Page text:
- Neither the OAS mission nor any other party has
demonstrated that there were widespread or
systematic irregularities in the elections of
October 20, 2019;
- Neither the quick count nor the official count
exhibit significant changes in voting trends in
the final results; rather, the same well-known
trend, explainable by differences in voter
preferences in different geographical areas, is
evident in both counts;
- The legally binding vote count -- the official
count -- did not stop for any significant period
- It is unclear how the OAS mission's objections
regarding the quick count would affect the
The Quick Count Process and the Official Count
There were other statements from the OAS, also
without evidence, that appeared to cast doubt upon
the result in addition to those from the mission's
first press release and preliminary report.
While the TSE did suspend the verification of
tally sheets in the quick count process on
election night at 83.85 percent of tally sheets
verified, this is consistent with what the TSE had
pledged to do more than a week before the
election: to publicize the result of a quick count
that verified at least 80 percent of the
preliminary results. The TSE
thus followed through with this commitment, and
its decision to stop the quick count was not in
itself irregular or in violation of any prior
Furthermore, it is important to emphasize that it
is the official count that is legally binding, not
the quick count that the OAS mission took issue
with. The official count was never interrupted and
was regularly updated online without any
significant interruption. Any potential
irregularity would have had to affect the official
count and not only the quick count in order to
affect the final result. It is unclear by what
mechanism any widespread or systematic
irregularities could occur without being quickly
apparent, given the existing safeguards in the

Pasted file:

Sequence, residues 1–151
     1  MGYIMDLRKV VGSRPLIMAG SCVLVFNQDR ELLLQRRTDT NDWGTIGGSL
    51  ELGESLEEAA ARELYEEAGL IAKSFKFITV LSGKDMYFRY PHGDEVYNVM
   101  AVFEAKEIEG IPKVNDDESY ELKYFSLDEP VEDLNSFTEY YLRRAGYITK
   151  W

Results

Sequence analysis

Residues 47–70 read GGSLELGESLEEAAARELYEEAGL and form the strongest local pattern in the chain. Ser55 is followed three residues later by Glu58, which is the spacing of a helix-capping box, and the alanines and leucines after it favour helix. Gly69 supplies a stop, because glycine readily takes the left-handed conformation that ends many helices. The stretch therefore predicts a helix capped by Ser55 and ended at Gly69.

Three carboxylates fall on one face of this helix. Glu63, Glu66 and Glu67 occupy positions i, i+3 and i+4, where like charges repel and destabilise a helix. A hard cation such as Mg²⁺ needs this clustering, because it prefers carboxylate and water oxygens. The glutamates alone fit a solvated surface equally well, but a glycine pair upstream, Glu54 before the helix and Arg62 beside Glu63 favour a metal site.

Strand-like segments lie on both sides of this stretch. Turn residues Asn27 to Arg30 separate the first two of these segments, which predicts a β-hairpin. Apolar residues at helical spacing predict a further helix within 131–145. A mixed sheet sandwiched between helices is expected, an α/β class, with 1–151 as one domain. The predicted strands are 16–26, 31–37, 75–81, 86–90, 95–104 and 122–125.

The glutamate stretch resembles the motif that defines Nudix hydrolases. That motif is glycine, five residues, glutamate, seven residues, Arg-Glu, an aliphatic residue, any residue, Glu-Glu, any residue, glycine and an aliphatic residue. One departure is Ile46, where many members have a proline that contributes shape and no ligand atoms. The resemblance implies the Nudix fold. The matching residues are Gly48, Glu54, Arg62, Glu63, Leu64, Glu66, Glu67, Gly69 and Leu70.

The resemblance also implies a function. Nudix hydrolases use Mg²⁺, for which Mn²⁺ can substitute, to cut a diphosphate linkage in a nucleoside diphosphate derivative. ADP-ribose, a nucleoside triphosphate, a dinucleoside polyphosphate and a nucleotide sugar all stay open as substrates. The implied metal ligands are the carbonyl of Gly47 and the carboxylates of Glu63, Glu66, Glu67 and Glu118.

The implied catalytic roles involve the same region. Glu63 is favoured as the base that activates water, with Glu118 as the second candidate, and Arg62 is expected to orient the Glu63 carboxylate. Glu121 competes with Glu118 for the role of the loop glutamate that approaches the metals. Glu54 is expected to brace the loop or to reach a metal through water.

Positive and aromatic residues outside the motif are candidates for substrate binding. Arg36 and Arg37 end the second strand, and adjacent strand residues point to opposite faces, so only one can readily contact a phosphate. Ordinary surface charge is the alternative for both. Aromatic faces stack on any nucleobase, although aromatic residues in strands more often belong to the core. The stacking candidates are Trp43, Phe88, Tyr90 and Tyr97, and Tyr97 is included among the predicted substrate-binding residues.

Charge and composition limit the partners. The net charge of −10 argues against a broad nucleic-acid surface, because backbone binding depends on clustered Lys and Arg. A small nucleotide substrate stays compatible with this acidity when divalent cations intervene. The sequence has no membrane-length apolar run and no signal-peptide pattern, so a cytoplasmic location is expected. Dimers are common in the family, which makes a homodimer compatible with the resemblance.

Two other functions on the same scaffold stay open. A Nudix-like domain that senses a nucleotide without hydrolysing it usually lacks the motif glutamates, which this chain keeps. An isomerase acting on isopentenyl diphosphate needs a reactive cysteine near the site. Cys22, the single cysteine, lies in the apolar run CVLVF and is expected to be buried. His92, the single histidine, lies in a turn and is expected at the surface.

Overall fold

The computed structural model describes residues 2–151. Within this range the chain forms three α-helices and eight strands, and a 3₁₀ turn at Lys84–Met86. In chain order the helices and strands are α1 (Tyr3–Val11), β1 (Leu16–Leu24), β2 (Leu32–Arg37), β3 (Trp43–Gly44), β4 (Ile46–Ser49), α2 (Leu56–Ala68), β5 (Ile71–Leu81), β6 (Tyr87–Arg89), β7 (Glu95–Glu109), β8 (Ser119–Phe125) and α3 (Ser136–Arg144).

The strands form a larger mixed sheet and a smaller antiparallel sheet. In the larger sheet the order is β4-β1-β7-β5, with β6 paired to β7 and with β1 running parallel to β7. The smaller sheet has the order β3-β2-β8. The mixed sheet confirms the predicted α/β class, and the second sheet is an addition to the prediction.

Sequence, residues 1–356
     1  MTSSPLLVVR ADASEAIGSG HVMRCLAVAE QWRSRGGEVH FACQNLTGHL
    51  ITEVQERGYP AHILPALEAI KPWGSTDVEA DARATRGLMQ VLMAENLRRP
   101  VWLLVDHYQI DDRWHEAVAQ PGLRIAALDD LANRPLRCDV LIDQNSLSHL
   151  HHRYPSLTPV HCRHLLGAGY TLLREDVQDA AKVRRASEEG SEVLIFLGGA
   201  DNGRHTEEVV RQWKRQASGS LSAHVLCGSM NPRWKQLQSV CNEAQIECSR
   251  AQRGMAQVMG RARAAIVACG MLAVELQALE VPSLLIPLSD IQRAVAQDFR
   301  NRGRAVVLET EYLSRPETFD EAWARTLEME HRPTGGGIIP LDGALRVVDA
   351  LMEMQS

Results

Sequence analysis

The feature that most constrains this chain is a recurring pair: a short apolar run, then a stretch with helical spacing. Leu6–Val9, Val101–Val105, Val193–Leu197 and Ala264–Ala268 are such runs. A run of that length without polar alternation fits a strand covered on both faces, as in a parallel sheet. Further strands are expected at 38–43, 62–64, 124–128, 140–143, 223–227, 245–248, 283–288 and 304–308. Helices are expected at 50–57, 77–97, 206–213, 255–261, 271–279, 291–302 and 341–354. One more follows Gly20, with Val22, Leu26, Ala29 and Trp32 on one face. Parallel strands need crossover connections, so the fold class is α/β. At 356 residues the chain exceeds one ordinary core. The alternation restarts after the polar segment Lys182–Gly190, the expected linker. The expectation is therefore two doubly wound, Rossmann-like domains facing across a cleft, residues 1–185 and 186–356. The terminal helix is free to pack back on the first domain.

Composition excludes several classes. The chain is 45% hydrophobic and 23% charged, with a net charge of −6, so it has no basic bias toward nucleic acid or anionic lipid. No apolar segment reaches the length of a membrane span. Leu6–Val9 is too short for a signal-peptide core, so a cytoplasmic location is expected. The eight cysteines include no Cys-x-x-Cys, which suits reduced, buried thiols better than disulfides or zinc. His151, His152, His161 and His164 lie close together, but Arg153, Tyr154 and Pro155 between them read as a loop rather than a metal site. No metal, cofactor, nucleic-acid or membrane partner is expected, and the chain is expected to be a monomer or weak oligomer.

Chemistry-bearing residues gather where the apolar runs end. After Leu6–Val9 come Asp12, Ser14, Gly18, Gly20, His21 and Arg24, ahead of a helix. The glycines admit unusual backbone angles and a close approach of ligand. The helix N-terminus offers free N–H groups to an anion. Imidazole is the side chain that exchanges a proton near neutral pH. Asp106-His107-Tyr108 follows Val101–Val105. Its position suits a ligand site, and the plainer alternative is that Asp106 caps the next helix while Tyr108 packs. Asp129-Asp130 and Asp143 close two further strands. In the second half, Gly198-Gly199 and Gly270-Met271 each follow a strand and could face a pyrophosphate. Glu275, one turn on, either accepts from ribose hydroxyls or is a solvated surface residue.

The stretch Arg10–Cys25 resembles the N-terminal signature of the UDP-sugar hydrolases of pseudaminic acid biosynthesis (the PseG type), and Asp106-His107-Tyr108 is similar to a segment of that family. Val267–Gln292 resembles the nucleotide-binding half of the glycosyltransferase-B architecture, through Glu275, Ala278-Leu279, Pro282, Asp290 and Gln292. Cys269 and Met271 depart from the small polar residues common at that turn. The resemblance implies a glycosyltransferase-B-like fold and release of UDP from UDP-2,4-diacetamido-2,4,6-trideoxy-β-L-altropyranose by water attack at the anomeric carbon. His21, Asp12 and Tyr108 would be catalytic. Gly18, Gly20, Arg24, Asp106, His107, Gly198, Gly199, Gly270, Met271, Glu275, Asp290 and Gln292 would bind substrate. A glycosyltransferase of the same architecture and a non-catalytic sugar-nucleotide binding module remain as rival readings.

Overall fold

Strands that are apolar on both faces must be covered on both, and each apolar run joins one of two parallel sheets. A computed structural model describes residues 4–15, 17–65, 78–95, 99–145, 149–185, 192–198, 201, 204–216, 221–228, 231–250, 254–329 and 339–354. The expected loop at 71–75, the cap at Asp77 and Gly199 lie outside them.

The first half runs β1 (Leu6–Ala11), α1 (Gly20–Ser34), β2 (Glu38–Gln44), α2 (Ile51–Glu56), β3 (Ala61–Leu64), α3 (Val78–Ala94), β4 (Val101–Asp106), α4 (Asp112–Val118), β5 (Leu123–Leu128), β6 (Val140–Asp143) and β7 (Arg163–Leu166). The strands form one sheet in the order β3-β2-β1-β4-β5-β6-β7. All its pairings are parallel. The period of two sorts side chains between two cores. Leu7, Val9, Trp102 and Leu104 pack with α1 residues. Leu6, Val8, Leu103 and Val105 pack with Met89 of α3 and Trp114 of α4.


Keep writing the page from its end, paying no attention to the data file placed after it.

Bolivian electoral process. In
addition to not presenting any evidence that
irregularities that could have altered the vote
count actually occurred, the OAS mission does not
even provide a possible means by which they could
The OAS Mission claims that after the interruption
of the quick count, it urged the TSE to restart it
and that on October 21, 23 hours after the
interruption, the TSE agreed to resume that count.
At this point, the results showed Morales
approaching the 10 percentage point margin of
victory that would give him an outright win. The
Mission then issued its first press release in
which it expressed its "deep concern and surprise
at the drastic and hard-to-explain change in the
trend of the preliminary results revealed after
the closing of the polls."
But was this "change in the trend" in fact "hard
Results: Consistent with Geographic Patterns in
It is a general phenomenon that later-reporting
areas are often politically and demographically
different from earlier ones, and it has
been noted that this is relevant to interpreting
the results from a parallel vote tabulation such
as a quick count. In Bolivia's
elections over the last decade and a half, votes
from rural and peripheral areas of the country
have tended to disproportionately favor Morales
and the MAS-IPSP. Because of
logistical, technological, and possibly other
limitations, these votes end up being computed
later in the counting process.
This is true of both the quick and the official
counts, which are both affected by the same
geography and infrastructure. Rural and poorer
places, which have tended to heavily favor
Morales, are slower to transmit data or send tally
sheets to the electoral tribunals.
The Final Quick Count Results Were Not Hard to
The quick count, in this case, was no exception.
The gap between Morales and Mesa widened steadily
as the counting process advanced. It was a
predictable and unsurprising phenomenon that need
not have surprised the OAS mission.
Figure 1 shows that the MAS-IPSP margin of
victory increased steadily as more votes were
counted, consistent with the idea that differences
in geography and infrastructure resulted in later
counting of areas that favored MAS-IPSP. This
trend also holds for seats in the legislative
margin increased steadily through most of the
quick count (TREP) as more tally sheets (actas)
Source: Órgano Electoral Plurinacional (2019b)
and authors' calculations.
The Partial Results from the Quick Count Before